Posted by Patrick Maness
It's appropriate that the fast-food industry, which changed the way the world eats by offering ready-made meals, is taking full advantage of technologies that make ordering and picking up food even faster and more efficient.
People can order fast food online and by stepping up to the self-serve kiosks at the front of their favorite restaurants. A fast-food kiosk allows customers to easily customize their meals and get their food quickly. Not only does this increased automation help restaurants serve more customers in a shorter amount of time, but managers have found that it also increases the price of the average order.
Currently, these kiosks are being installed in select McDonald's and Panera Bread locations, mostly in major metropolitan areas. It’s likely, too, that they'll reach beyond the fast-food industry and eventually land in sit-down restaurants.
Order, pay and be entertained
If you’ve been in an airport in the past few years, you’ve probably seen tablets on restaurant tables — maybe you even ordered from one. One of the largest providers of these table-side kiosks is Ziosk. Diners across the country run approximately 50,000,000 orders through a Ziosk kiosk each month, and thanks to contracts with major chains such as Olive Garden, Red Robin and more, it’s likely they’ll become much more common in the coming years.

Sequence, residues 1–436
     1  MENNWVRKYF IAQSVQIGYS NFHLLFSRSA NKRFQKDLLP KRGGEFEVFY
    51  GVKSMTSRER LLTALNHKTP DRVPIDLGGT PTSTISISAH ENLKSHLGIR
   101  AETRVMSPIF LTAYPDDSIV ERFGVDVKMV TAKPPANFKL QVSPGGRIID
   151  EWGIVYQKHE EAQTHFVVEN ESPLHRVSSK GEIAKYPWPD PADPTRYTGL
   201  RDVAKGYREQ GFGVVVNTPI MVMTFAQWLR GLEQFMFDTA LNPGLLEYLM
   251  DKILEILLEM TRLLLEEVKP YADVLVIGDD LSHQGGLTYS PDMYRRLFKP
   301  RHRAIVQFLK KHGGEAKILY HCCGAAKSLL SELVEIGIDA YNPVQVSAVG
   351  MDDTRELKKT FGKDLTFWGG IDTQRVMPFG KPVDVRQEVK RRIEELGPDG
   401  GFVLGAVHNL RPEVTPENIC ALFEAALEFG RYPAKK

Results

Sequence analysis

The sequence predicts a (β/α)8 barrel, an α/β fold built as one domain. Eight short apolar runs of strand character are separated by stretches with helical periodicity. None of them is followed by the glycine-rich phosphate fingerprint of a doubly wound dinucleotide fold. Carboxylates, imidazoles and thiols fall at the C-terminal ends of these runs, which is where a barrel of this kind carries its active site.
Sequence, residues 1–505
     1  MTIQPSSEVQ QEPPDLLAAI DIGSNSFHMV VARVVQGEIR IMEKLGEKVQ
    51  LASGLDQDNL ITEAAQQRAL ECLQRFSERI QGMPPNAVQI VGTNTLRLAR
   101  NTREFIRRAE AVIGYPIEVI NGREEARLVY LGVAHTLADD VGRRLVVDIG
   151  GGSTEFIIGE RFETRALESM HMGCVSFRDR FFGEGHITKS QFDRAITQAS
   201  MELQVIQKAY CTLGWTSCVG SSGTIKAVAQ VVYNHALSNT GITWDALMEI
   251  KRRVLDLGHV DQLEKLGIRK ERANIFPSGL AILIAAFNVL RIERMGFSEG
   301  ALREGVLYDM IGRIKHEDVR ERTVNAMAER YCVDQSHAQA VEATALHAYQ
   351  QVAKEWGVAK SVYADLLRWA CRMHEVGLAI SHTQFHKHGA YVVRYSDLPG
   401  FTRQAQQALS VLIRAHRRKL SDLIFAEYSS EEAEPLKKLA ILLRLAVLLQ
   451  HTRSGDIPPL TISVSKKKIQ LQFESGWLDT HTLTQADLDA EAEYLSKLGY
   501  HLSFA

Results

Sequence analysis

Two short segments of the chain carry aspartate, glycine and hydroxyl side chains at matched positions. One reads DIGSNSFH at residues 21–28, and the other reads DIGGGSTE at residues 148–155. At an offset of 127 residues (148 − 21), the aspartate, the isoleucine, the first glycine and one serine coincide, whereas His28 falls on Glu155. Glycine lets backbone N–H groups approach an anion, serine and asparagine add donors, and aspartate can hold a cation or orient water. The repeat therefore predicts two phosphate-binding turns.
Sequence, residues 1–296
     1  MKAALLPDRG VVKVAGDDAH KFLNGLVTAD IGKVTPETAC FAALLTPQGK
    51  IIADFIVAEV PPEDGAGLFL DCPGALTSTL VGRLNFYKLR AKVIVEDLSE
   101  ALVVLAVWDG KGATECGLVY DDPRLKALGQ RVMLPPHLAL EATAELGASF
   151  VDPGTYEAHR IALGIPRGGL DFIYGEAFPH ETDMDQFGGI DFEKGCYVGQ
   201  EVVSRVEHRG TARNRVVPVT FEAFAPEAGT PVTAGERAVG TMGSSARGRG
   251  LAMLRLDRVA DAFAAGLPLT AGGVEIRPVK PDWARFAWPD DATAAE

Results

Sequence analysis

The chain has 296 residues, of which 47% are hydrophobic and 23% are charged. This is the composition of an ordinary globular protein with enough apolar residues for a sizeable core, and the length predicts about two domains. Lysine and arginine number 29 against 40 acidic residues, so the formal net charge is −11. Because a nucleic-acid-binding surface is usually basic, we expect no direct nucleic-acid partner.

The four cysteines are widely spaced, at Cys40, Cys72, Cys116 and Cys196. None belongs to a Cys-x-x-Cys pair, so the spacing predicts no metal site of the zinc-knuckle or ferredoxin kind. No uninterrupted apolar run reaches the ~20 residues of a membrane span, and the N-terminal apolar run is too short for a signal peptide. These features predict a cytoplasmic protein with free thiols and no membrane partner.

From a customer's point of view, a Ziosk station makes it easy to order drinks and appetizers as soon as they've been seated. It eliminates a big part of the “waiting” common to the dining experience — waiting to order entrees, waiting to order another drink, waiting for the check, etc. For restaurant owners, this leads to quicker turn-over time, which means more checks and more revenue.
Additionally, Ziosk tablets provide a platform with which guests can remain connected with a given restaurant. Guests can offer real-time feedback, join loyalty clubs, check in and share their meals on social media, and much more.
Despite the enthusiasm people have for Ziosks, some worry that these self-serve kiosks will depersonalize the restaurant experience. While this is certainly a legitimate worry, many have found that whether it’s a McDonald's kiosk or a table-side tablet, this type of automation actually provides guests with more individualized attention. A server may not be around as much, but in an industry that is constantly changing, self-serve kiosks represent one more shift in the customer service — one more way to provide guests with exactly what they want.
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